Culture

Vagina Lids And Cervix Grabbing: ‘My Dad Wrote A Porno’ Shows Us Why Sex Is Inherently Funny

Why is everyone so obsessed with 'Belinda Blinked' and her cervix?

By now, there’s a good chance you’ve heard of the podcast My Dad Wrote a Porno, which after launching in 2015, topped podcast charts around the world and gained the horrified admiration of huge crowds and Hollywood stars, including Elijah Woods, Michael Sheen and Daisy Ridley.

The podcast is almost self explanatory — the host, Jamie Morton, discovered that his dad wrote a book of erotic literature under the pseudonym ‘Rocky Flintstone’. The book is called Belinda Blinked, and Jamie and his friends, Alice and James, read a chapter every week for their enthralled listeners.

The book’s plot is difficult to describe, because it’s so ludicrous, but it essentially follows the sexual adventures of the protagonist, Belinda Blumenthal, who mostly uses her erotic exploits to get ahead in the highly competitive and sexy world of pots and pans sales. The podcast revolves around the hosts commentary and earnest reactions to Belinda’s exploits, which tend to range from disgust to incredulity.

It’s genuinely one of the funniest things you’ll ever hear, and regularly causes me to laugh out loud while walking down dark streets at night, creeping out everyone around me. Once, on a packed train carriage, my efforts at trying to stop laughing in public caused me to instead make a low, continuous “hnnnnnnnnnnnngher” sound, like a grumpy dog being woken up.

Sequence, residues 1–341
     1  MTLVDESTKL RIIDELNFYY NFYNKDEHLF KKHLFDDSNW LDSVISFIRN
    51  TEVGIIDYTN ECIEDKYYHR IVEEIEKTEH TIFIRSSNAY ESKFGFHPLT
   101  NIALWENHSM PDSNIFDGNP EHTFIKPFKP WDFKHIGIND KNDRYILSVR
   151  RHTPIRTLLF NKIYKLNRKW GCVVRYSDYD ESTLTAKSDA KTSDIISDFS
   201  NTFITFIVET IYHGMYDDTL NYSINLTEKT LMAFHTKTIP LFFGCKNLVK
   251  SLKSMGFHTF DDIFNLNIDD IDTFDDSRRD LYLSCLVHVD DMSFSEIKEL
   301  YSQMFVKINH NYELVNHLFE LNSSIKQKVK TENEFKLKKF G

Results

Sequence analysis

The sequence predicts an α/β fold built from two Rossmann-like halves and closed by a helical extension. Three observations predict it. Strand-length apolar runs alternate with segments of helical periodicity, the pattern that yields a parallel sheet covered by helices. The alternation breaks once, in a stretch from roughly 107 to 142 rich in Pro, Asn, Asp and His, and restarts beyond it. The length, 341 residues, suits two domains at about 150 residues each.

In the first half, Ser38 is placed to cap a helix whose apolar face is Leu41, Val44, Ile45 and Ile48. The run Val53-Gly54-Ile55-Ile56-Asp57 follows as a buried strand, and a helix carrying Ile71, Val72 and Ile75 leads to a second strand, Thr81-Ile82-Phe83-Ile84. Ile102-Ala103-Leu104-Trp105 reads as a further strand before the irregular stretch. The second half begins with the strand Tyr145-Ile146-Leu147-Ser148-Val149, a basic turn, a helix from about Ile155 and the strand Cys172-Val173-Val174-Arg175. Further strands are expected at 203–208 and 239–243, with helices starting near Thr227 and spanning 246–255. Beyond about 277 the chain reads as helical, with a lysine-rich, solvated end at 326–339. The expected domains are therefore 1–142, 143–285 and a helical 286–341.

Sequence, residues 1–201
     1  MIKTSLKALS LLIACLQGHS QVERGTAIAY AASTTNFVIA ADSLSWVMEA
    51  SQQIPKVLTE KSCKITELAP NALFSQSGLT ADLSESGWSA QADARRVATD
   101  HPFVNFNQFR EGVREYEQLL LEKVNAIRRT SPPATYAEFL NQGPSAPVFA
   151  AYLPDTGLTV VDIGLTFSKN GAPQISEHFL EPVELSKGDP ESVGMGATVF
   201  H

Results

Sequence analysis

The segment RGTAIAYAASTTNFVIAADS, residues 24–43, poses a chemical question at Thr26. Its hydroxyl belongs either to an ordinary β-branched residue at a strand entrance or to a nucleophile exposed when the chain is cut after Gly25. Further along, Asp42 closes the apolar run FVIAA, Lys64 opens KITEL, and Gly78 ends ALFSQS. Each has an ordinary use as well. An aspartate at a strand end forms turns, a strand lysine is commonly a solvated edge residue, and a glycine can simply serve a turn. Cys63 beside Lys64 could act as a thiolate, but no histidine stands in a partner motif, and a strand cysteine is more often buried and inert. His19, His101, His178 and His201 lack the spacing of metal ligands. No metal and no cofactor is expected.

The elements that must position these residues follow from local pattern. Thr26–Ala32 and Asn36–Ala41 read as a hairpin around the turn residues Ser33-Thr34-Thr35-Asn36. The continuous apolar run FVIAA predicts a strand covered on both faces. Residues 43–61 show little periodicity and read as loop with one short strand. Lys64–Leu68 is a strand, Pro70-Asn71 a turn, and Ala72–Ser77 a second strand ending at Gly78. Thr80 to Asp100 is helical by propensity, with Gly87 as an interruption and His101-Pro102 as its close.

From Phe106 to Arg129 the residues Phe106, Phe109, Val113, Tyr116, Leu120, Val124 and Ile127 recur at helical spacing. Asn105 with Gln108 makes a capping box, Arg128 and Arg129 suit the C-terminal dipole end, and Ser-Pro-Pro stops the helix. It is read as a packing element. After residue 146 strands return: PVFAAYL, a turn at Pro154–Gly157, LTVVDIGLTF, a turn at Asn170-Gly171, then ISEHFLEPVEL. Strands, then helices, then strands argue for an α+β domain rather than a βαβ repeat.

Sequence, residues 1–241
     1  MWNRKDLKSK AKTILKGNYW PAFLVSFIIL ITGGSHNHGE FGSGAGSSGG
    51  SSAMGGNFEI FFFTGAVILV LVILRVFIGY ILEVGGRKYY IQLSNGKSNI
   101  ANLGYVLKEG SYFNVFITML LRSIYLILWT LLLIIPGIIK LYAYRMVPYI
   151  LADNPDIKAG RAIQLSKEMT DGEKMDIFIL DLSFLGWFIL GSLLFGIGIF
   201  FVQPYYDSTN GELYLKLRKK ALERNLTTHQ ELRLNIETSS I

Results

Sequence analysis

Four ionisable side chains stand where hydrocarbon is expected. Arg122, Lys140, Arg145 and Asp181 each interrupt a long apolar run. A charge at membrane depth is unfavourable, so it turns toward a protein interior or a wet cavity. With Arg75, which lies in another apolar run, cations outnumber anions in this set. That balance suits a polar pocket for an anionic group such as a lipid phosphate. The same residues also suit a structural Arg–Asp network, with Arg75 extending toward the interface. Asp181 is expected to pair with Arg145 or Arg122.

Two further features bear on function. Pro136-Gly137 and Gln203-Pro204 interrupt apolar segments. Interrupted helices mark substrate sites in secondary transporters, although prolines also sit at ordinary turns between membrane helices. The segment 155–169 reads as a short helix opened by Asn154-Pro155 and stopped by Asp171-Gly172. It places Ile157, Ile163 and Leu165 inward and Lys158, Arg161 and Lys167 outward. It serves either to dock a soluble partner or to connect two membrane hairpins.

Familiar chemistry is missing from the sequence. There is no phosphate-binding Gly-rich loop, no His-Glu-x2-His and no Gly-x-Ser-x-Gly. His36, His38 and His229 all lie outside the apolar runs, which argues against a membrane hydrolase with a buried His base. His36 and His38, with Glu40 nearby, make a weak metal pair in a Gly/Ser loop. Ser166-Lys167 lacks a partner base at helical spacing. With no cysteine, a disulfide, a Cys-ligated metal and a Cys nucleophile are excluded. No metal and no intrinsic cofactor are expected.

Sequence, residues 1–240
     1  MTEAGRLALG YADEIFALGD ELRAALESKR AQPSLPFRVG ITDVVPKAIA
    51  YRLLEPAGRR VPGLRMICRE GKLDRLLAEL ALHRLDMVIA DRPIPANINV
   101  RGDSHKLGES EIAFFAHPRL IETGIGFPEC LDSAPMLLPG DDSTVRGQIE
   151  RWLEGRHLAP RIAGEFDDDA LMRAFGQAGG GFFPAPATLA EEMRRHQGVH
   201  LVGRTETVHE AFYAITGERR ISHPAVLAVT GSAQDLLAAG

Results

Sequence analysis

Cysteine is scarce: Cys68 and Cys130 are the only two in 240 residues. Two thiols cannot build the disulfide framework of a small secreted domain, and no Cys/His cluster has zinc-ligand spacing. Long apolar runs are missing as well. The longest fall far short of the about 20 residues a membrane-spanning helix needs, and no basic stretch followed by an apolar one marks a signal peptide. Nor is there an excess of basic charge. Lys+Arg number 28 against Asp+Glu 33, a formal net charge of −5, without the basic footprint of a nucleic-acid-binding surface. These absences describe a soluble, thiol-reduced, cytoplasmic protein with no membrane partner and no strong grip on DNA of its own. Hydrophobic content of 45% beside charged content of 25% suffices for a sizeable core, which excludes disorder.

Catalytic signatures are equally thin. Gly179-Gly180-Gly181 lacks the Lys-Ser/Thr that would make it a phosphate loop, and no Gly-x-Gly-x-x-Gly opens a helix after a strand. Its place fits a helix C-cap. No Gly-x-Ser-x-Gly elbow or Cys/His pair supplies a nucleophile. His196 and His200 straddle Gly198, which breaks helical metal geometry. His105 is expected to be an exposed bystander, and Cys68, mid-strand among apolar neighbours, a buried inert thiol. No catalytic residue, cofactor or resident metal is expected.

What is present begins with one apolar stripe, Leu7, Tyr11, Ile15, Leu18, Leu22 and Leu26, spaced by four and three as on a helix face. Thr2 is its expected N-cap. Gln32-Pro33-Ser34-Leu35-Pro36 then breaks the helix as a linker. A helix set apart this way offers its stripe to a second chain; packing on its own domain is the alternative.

It’s a funny podcast — but why, exactly?

Sex As Comedy

Sex has never been a particularly difficult subject for comedy, as it seems to be an almost inherently funny act. As far as I can tell, the entire British canon of comedy grew from how funny the word ‘shagging’ is. Yet not all sex is funny — some sex is an erotic act that happens when a mummy and a daddy love each other very much, or need to earn a bunch of money on RedTube.

The gap between hilarious sex and sincerely erotic sex seems at first glance to be rather wide, or else the human race might have laughed themselves into an early extinction instead of procreating. However, experience has shown us that in fact, the line between laughing and gasping can be ridiculously thin; that sometimes sex only has to go slightly wrong before it’s hilarious.

It’s in representations of sex where this becomes the most dramatic. It’s rare that the private act of physical sex becomes a cultural phenomenon, unless there’s some kind of hidden camera and streaming prank going on. And while there definitely have been some great comedic sex scenes, it’s the ones that were meant to be earnest, serious or at least sexy, and mistakenly become funny that are truly the best. And that’s why Belinda Blinked by ‘Rocky Flintstone’ is one of the unintentionally funniest books in the world.

Why Is Belinda Blinked So Funny?